Public Private Partnerships.

Where are we?

Introduction

Communities are screaming out for service delivery. We receive reports almost every day of service delivery protests. Many of these service delivery protests have turned violent and destructive.  In all the protests community leaders advise that requests for service delivery have escalated to demands and then to protests as local government has for years ignored their calls for service delivery. The standard response from municipalities is that they are waiting on resources or that their budgets are depleted. Unless a solution is found these service delivery protests will spread and we could see it spiral out of control. The irony is that government has created a solution but it appears as though the political
will to implement the solution is still to be ignited.

What is this solution?

Public Private Partnerships. (PPP)

What is a PPP?

Our law defines a PPP as a contract between a public sector institution/mun icipality and a private party, in which the private party assumes substantial financial, technical and operational risk in the design, financing, building and operation of a project. Two types of PPP’s are defined namely:

  1. Where the private party performs an institutional/municipal function.
  2. Where the private party acquires the use of the state/municipal property for its own commercial purposes.

A PPP may also be a hybrid of these two types.

Payment in any scenario involves one of three mechanisms.

  • The institution/municipality paying the private party for the delivery of the service, or
  • The private party collecting fees or charges from the users of the service, or
  • A combination of these.

A PPP is not

  • A simple outsourcing of functions where substantial financial, technical and operational risk is retained by the institution/municipality.
  • A donation by a private party for a public good
  • The commercialization of a public function by the creation of a state –owned enterprise
  • Does not constitute borrowing by the state.

We are presently experiencing declining growth and this has spawned a serious economic downturn. Yet we have a strong capital market and a competitive private sector. The stock exchange is evidence of a thriving business sector. It has been reported that the private sector is cash flush but is hesitant to invest due various factors such as economic (political) uncertainty, the ANC leadership contestation etc. It is therefore necessary for us all to focus on the solutions required to reverse the climate of declining growth by turning our attention to the development of small business and emerging entrepreneurs and engaging with large businesses and persuading them to invest in brand South Africa.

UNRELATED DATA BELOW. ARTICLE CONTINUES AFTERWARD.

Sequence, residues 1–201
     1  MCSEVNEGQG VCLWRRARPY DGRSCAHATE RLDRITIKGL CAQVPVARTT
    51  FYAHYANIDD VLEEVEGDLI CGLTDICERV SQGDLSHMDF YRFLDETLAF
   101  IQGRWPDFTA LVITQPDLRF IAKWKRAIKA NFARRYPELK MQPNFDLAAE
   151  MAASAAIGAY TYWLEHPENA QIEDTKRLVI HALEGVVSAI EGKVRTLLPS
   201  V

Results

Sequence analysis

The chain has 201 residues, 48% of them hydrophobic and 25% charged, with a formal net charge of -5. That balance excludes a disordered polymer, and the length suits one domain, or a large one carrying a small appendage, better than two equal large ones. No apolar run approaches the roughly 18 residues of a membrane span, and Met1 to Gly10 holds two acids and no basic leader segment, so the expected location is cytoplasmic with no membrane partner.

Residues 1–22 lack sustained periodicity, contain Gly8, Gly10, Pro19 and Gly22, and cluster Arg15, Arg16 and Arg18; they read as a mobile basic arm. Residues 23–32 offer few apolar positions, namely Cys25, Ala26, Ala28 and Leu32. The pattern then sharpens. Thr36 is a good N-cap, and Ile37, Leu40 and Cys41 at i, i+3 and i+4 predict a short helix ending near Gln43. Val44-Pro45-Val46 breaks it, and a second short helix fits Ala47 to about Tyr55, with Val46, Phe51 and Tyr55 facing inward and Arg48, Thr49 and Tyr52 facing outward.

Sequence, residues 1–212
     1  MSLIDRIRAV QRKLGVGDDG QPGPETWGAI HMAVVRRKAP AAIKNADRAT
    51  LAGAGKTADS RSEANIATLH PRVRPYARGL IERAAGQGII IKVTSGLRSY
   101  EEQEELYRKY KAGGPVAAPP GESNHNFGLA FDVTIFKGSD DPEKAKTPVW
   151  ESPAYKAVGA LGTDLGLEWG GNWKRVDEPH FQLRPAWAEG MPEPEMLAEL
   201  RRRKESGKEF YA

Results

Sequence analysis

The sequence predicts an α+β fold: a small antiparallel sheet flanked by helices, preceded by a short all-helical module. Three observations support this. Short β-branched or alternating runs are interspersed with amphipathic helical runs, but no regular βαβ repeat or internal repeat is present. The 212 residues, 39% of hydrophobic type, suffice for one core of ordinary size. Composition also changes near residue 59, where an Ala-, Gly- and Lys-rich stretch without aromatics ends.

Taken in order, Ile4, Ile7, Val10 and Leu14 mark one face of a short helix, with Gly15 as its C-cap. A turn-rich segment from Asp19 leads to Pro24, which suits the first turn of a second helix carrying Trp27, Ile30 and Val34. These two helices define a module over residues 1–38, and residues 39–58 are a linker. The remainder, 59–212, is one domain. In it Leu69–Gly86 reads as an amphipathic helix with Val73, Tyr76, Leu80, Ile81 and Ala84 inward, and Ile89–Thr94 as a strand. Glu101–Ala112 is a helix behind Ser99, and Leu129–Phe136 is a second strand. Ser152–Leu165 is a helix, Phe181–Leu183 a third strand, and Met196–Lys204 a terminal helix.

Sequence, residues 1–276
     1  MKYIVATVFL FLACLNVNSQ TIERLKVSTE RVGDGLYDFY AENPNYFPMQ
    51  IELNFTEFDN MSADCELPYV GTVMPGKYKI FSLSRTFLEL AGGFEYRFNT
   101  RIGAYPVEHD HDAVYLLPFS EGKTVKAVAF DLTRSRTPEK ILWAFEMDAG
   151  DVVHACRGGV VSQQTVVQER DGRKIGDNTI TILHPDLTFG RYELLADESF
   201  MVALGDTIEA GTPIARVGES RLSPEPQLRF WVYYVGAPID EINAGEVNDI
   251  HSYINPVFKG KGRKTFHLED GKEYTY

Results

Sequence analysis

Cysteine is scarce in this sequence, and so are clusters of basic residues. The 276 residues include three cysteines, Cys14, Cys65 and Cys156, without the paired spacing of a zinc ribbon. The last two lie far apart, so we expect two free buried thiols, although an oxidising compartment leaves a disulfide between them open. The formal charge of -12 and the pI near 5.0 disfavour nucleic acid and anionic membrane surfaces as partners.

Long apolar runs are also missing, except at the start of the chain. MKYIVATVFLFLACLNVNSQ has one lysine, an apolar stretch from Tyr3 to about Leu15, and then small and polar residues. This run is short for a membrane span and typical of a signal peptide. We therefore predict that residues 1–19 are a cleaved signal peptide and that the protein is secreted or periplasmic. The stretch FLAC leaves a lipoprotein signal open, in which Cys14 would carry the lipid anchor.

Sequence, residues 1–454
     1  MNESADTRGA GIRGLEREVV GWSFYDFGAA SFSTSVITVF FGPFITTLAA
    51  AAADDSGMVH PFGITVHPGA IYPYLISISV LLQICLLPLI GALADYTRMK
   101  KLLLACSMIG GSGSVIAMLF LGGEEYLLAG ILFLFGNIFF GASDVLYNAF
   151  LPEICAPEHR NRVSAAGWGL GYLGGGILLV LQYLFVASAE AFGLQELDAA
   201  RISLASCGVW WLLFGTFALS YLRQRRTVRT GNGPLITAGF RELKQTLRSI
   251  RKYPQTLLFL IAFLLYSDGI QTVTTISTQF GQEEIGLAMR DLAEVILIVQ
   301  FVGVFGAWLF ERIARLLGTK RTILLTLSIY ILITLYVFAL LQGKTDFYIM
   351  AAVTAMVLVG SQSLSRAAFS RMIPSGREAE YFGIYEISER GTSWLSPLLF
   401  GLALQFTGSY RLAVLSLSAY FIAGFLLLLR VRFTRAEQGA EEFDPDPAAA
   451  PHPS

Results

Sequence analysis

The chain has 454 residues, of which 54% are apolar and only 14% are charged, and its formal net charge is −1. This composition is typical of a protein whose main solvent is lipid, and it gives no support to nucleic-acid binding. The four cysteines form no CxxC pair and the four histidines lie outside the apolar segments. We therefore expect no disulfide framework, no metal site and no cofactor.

We should further pay more urgent attention to the creation of new jobs and make a concerted effort to improve service delivery.

In view of the above and at this
stage of our economy it is critical and essential that we explore all avenues allowed by government policy and our laws to address these problems. Although efforts have been made to implement PPP and there are many examples of successful PPP projects it is evident that much more is required to explore this avenue and increase projects related to PPP. Our law defines a public private partnership as a contract between
a public sector institution and a private party, in which the private party assumes a substantial financial, technical and operational risk in the design, financing, building and operation of
a project.

The private sector has much to offer in terms of financial resources, skills and experience as an investment in public infrastructure and services. It is through PPP that the parties can both achieve their goals to benefit the communities throughout South Africa. This will bring certainty, improved efficiency, affordability, reduced risk perception and thus better delivery costs. This can be possible by leveraging private sector finance and expertise aimed at enhancing service delivery. Although the government has implemented a large number of infrastructure delivery programmes that have contributed significantly to increased access to services, a huge backlog still exists. This is evident by the many service delivery protests that are occurring.

Government needs to be serious about not only addressing this problem but also clearing this backlog failing which we will see an increase in service delivery protests.

In the next edition we will explore some successful PPP projects.